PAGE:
CLEBURNE COUNTY, Ar. (KNWA) – A letter from 1971 recently surfaced and helped a local veteran receive a medal of valor that he earned nearly 50 years ago during the Vietnam War.
Kent Hallen, 70, is retired now.
But, back when he was 19 years old, he played a crucial role in the recovery of ammunition that likely saved the lives of more than 150 of his fellow soldiers.
Hallen says he and his group ran out of bullets at one point during the battle with the enemy.
An emergency ammunition drop was made about 155 feet away from his group – closer to where the enemy was attacking.
“I stood there in my foxhole contemplating that I wasn’t going to be a casualty or a POW,” Hallen recalls.
“And, I low crawled with no gun and no weaponry whatsoever; they in the foxhole could not defend me because we were out of bullets.”
He eventually got to the box of ammunition and was able to get it back to his group so they could reload.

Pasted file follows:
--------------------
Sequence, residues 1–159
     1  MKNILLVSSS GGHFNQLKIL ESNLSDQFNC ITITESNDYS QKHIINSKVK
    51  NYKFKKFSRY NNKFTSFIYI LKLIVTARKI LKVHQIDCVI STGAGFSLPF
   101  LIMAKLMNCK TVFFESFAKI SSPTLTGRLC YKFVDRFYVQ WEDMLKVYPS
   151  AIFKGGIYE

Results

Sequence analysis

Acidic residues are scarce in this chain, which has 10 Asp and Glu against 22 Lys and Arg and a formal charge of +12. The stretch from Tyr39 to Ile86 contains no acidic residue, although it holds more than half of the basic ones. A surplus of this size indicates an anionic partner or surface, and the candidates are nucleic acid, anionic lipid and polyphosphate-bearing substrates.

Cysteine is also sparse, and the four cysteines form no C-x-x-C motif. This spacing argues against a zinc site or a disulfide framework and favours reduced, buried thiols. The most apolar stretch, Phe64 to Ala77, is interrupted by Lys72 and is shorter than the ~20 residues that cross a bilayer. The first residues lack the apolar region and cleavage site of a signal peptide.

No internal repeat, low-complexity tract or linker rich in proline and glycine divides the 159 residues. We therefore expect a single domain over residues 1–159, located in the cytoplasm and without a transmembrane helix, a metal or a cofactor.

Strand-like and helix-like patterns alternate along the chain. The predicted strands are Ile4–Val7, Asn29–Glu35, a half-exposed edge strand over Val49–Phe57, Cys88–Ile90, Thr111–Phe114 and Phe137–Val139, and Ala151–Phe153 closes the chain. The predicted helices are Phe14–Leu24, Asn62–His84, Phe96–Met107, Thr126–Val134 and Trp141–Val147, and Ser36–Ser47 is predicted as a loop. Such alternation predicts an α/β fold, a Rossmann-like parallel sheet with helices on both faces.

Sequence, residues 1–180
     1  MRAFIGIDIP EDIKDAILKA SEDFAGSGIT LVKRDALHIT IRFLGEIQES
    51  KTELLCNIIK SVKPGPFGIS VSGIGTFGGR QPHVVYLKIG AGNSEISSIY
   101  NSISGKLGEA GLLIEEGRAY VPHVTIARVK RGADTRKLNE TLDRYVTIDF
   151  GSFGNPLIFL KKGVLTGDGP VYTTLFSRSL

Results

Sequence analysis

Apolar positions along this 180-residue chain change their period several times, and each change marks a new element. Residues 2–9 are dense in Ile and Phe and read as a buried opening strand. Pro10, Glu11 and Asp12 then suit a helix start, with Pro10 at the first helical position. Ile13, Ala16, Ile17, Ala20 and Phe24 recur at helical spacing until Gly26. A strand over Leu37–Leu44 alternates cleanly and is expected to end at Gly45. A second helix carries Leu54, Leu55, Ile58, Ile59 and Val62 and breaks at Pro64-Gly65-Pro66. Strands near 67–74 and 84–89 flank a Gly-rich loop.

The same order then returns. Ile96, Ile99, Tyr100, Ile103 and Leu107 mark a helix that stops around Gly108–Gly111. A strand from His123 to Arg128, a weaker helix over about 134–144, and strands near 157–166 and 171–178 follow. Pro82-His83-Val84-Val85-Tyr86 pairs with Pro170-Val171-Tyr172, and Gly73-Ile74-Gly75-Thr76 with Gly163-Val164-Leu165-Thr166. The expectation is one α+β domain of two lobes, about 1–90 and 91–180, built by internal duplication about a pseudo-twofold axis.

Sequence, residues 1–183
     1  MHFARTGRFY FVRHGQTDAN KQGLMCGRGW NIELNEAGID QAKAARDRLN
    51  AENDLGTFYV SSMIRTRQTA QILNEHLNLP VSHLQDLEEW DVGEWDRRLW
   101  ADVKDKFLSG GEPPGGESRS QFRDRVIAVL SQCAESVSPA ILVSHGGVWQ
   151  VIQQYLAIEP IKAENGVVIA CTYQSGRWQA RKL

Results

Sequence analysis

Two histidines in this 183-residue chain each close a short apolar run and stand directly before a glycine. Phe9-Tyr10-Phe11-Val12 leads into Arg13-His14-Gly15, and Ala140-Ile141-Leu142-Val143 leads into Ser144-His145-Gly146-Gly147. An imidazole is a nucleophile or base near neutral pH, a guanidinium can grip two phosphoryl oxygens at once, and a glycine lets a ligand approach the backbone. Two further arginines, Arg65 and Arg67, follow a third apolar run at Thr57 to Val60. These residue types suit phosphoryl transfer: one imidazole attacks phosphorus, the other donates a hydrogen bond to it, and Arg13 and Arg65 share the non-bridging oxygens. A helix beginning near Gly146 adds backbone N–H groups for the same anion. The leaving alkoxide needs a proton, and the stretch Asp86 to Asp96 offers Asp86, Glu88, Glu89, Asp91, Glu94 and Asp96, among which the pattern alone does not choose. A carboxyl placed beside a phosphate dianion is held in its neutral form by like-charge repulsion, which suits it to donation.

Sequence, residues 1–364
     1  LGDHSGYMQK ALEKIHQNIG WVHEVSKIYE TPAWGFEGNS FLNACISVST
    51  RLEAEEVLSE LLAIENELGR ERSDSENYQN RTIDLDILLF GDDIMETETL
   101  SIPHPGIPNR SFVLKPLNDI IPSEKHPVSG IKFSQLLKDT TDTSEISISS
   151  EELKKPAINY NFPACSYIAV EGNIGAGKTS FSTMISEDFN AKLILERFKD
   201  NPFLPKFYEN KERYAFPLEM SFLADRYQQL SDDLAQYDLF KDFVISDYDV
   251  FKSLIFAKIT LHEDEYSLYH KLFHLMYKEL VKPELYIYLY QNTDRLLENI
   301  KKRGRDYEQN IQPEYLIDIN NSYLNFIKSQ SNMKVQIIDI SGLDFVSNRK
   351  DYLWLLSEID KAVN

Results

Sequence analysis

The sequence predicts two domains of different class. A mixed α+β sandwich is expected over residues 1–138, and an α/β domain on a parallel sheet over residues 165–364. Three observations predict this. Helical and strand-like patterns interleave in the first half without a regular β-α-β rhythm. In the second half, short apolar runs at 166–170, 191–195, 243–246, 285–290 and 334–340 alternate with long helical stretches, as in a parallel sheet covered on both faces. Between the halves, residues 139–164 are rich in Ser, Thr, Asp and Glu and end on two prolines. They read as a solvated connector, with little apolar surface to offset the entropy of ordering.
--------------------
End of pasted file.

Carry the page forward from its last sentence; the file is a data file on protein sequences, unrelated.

In 1971, a letter was written up to recognize Hallen with a medal of valor, but it never got to Hallen.
Cleburne county judge Jerry Holmes got word of it and organized an official presentation at the county courthouse Friday.
“I don’t know that he was looking for any recognition, but he deserves it,” Holmes says.
Hallen was greeted with a round of applause and a standing ovation from dozens of grateful supporters.
Hallen, whose action spoke louder than words, was basically left speechless as a reaction.
“I don’t even know how to describe it.”